Using the 15th Judicial District Attorney’s Office as the Lafayette Parish School Board’s lawyer is likely off the table as a cost-cutting measure as the board looks for ways to cut back on legal expenses, a board leader recently said.
Instead, creating a staff attorney position or finding ways to limit expenses with the current general counsel are now the two main options on the table, said board Vice President Dawn Morris, who is on the three-member committee considering ways to cut costs.
The executive committee met in May to discuss potential options but didn’t make a recommendation.
At the committee’s meeting on June 16, District Attorney Keith Stutes advised committee members that he would have to charge for general counsel services because the prior board dismissed the DA’s Office from those duties last year.
He also told committee members that he had no assistant district attorneys on staff with educational law experience and it would be in the board’s best interest to select its own attorney experienced in that area.
Stutes reiterated his comments during a June 18 letter sent to all board members.
“In my experience, I truly believe that the specific needs of legal representation by the board requires much more than the services that are typically provided by the District Attorney in such regard,” Stutes wrote in the letter.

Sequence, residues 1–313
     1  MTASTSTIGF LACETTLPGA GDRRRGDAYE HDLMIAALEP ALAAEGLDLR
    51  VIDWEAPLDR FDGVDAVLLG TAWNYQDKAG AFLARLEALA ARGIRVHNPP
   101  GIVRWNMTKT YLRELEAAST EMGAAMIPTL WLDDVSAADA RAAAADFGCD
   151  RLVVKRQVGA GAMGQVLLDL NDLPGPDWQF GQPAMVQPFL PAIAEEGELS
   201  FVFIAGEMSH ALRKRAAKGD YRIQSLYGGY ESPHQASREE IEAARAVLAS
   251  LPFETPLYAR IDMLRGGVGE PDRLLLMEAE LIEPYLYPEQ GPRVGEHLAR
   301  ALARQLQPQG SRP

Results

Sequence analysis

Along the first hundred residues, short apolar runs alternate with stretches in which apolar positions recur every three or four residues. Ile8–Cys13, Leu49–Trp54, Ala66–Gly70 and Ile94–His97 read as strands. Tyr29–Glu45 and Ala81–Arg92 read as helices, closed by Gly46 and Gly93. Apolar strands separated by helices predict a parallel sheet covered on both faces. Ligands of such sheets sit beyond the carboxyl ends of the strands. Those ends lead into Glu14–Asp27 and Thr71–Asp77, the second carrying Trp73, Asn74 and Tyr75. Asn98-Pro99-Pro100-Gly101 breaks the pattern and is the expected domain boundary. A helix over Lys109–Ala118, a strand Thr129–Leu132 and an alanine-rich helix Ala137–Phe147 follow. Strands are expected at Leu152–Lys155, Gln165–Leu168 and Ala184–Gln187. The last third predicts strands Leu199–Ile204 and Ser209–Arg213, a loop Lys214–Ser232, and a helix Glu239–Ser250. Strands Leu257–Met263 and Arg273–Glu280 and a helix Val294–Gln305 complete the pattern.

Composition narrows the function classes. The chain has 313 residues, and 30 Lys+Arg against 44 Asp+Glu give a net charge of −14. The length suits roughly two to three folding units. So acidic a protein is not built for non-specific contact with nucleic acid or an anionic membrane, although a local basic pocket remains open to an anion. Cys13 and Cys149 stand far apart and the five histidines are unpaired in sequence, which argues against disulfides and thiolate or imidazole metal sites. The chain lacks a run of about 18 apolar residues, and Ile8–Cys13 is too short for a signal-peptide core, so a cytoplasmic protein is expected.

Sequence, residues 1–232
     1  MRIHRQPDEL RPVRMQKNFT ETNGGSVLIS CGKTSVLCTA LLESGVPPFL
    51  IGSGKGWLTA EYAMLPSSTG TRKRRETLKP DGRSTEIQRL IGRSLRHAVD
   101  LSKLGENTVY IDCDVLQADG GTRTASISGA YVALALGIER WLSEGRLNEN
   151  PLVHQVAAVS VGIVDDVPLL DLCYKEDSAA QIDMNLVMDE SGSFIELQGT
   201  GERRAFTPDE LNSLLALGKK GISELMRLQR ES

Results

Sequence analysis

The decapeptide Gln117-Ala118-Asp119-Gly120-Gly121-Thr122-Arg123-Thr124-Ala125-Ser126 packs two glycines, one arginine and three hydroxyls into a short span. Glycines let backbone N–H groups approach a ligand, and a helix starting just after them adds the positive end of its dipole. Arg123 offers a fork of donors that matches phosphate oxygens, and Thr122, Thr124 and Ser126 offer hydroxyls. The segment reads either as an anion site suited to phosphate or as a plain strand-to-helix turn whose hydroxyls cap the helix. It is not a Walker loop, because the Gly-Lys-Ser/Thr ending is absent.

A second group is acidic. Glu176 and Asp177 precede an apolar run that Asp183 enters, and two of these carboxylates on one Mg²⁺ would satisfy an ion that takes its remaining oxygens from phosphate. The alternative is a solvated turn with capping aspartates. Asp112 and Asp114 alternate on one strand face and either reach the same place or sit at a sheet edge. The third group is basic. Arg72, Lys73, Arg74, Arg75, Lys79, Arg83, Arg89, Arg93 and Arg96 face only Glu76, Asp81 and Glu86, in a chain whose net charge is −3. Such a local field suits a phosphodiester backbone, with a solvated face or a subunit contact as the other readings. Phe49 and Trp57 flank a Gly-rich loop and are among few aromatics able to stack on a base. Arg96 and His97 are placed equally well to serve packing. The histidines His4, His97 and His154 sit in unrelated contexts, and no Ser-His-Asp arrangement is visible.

The DA’s Office served as general counsel at no cost to the board for years until late 2013, when some members of the then-board disagreed with the assigned assistant district attorney’s take on a request to hire an outside attorney to investigate then-Superintendent Pat Cooper. The board ended up terminating the services of the DA’s Office.
A contract with new general counsel — Hammonds, Sills, Adkins & Guice — went into effect in March 2014. The law firm, with offices in Baton Rouge and Monroe, represents a majority of the school systems in the state and is considered an expert in school law.
The firm previously worked as the school system’s special counsel.
But the new representation has come at a cost, although part of the expenses stemmed from the investigation and termination of Cooper.
Prior to the end of the fiscal year on June 30, the board revised its legal expenses budget by about $300,000 to pay its attorneys’ bills. Property and sales tax revenue helped cover the expenses. The current 2015-16 budget includes about $335,000 for legal expenses.
“Right now, we’re looking at creative ways to reduce expenses with our current general counsel attorneys,” Morris said.
Options include designating a single point of contact at the central office for legal issues or limiting the number of board meetings an attorney attends, she said. Morris said the board may opt to have an attorney attend meetings where only action items are on the agenda.
Another option is hiring an in-house attorney to work as a full-time staff member, said Morris, an attorney who in the past has done work for the Vermilion Parish School Board, which has its own in-house lawyer.
Morris said she was unsure of when the executive committee would take up the legal costs issue again but it likely would be after the board received requested information from its current general counsel on financial options such as retainer fees.
“Besides general counsel, we have to look at reducing the cost of special counsel for litigation for bus accidents and worker’s comp,” Morris said. “We spend a lot of money on counsel defense in those cases.”
Follow Marsha Sills on Twitter, @Marsha_Sills.